18 Jun

The Freedom of Information Act is a wonderful thing, allowing any private citizen or group to request and usually receive (except in the case of sensitive or classified info) copies of government documents relating to any and all manner of things, as the business of government is, by design in our representative republic, the people’s business.

FOIA can occasionally be tricky; actually getting the thing you want isn’t always simple – you have to know the right questions to ask and the right information to request. It’s not as simple as saying “please provide all the documentation related to $subject”; your best tactic for success is having a very specific request (and have a pretty good idea that the document actually exists) For a number of reasons, a narrow interpretation of FOIA requests is the norm (chief among these reasons is the fact that fulfilling FOIA requests is a pain in the ass for government employees who already have plenty to do, and denying something because it’s not specific enough is technically correct, and clears the tasking with minimal fuss). So, if you ever want something via a FOIA request, do your research to know what kind of documentation is available, and ask for that stuff as specifically as possible.

Now that the public service portion of this post is out of the way…

FOIA requests can also sometimes be pretty entertaining. For example, yesterday, the WaPo pointed toward collaborative news site MuckRock’s request for information on ” all records or documentation available to FBI agents or other FBI personnel or contractors which provides information on how to interpret or understand so-called ‘leetspeak’.” The request returned an 83 page glossary of internet slang titled “Twitter Shorthand“, which, according to the document’s author, federal law enforcement personnel “should find useful in your work or for keeping up with your children and/or grandchildren.”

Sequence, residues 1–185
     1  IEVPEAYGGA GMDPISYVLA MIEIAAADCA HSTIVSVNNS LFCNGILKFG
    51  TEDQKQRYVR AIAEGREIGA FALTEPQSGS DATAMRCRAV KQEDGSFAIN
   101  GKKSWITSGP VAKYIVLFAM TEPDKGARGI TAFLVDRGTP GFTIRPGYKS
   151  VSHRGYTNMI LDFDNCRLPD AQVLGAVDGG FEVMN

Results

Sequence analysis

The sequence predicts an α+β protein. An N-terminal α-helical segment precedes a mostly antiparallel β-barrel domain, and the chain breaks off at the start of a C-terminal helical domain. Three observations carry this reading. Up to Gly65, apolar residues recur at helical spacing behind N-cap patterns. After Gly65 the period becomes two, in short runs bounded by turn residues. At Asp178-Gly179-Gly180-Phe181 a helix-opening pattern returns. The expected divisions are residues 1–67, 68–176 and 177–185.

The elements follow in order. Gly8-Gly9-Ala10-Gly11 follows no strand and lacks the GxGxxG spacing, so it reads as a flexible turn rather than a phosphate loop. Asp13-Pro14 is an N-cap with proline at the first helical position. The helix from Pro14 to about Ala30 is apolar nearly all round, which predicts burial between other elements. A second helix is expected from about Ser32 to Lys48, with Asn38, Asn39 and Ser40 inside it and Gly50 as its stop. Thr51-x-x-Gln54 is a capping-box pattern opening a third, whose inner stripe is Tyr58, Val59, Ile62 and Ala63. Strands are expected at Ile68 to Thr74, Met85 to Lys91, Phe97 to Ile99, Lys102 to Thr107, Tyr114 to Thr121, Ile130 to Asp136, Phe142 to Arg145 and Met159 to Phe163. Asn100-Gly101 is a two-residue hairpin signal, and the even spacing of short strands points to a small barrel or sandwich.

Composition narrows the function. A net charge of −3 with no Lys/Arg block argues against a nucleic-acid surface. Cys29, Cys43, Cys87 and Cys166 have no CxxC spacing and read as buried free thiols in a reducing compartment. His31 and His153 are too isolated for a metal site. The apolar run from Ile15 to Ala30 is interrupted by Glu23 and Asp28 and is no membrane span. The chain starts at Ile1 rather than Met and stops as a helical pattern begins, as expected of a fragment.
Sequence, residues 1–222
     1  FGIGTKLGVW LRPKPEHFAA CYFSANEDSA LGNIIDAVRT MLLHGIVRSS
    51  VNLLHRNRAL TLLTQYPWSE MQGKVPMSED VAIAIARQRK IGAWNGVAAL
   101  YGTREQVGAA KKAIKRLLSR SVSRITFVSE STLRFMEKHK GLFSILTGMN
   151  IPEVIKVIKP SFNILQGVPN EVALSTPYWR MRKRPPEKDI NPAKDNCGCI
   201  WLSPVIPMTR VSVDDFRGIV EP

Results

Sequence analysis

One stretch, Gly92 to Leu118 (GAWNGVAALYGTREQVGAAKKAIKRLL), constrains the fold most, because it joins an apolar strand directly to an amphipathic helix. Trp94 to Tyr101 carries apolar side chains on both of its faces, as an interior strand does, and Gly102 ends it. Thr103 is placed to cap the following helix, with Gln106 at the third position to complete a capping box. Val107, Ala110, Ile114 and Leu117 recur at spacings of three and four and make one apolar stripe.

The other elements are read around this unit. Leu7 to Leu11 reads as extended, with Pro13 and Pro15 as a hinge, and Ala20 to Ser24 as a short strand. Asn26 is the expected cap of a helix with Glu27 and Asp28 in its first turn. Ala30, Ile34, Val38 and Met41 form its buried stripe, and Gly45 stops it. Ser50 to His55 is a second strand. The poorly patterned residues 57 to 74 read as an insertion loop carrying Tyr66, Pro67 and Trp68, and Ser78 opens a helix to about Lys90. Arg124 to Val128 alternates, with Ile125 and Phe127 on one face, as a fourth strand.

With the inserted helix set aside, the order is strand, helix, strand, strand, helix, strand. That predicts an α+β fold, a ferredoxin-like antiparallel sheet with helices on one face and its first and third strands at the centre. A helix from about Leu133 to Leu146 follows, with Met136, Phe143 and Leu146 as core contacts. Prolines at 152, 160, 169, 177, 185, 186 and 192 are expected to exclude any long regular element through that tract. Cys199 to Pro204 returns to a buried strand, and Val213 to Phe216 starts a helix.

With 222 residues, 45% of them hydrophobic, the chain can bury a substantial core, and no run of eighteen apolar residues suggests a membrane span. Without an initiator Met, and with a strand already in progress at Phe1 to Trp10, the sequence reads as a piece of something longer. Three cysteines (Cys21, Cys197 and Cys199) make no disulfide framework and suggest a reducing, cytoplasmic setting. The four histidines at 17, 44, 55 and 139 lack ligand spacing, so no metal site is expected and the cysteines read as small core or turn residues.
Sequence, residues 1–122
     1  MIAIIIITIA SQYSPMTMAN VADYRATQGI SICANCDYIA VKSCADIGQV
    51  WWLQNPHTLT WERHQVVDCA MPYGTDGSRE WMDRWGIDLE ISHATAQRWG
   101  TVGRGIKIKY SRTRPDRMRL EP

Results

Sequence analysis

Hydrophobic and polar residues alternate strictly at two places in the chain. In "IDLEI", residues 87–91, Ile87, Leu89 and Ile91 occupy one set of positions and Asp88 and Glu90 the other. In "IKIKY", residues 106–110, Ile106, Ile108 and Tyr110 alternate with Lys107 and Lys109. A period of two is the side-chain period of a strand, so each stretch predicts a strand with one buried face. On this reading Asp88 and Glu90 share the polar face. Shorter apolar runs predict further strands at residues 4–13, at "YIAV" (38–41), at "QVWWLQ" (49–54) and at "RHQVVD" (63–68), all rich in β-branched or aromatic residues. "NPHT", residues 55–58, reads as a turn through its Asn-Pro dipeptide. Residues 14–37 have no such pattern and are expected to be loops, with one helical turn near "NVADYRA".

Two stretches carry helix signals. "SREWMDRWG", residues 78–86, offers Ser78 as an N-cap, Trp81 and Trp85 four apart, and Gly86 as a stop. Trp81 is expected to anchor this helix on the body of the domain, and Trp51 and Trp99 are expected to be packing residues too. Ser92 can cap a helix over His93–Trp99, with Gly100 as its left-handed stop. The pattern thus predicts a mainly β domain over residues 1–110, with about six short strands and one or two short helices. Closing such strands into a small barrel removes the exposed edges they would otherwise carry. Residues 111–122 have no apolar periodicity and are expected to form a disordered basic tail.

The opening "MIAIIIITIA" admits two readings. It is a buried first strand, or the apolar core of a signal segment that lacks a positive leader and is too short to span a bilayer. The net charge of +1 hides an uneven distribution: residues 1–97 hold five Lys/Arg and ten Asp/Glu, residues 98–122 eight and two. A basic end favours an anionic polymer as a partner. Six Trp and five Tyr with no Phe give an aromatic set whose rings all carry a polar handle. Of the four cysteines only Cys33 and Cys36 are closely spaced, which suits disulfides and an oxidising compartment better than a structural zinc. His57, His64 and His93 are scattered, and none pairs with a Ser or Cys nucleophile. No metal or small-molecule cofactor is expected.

Not surprisingly, it’s amusingly out of date (FBI agents trying to decipher chat logs of facebook posts are probably better served by a simple google search or by perusing urban dictionary), but is probably minimally useful for someone, as much of it harkens back to the days when people used to use pager code (convenient example expressed on Angelfire, like all good early 90s references should be).

It also contains some entertaining and/or boneheaded entries that almost no one has ever used (unless they were trying to make “Fetch” happen), and perhaps a few trollish suggestions from the inside. to wit:

  • PMT: pre menstrual tension
  • KMT: kiss my teeth
  • SHCOON: shoot hot coffee out my nose
  • UDI: unidentified drinking injury
  • ALOTHSOL: always look on the bright side of life
  • BOGSAT: bunch of guys sitting around talking
  • BTWITHIAMLWU: by the way, I think I’m in love with you
  • DITYID: did I tell you I’m depressed?
  • IITYWTMWYBMAD: if I tell you what this means will you buy me a drink?
  • MSR: Mulder/Scully romance
  • PDBAZ: please don’t be a zombie
  • ROTFLMAOWPIMP: rolling on the floor laughing my a** off (while) peeing (in) my pants
  • RICE: race inspired cosmetic enhancements (parts put on cars to make them appear fast but don’t actually contribute to speed)
  • TANSTAAFL: there ain’t no such thing as a free lunch (wasn’t that Heinlein?)
  • WAPCE: women are pure concentrated evil
  • XYZ: examine your zipper
  • ZOMG: emphasized OMG

Anyway; it’s about as useful as you’d expect. Honestly, it reads a lot like one of those documents we used to find along with purity tests via gopher search on vax terminals back in ancient times.

It could be worse; at least it’s not this:


* – your tax dollars at work


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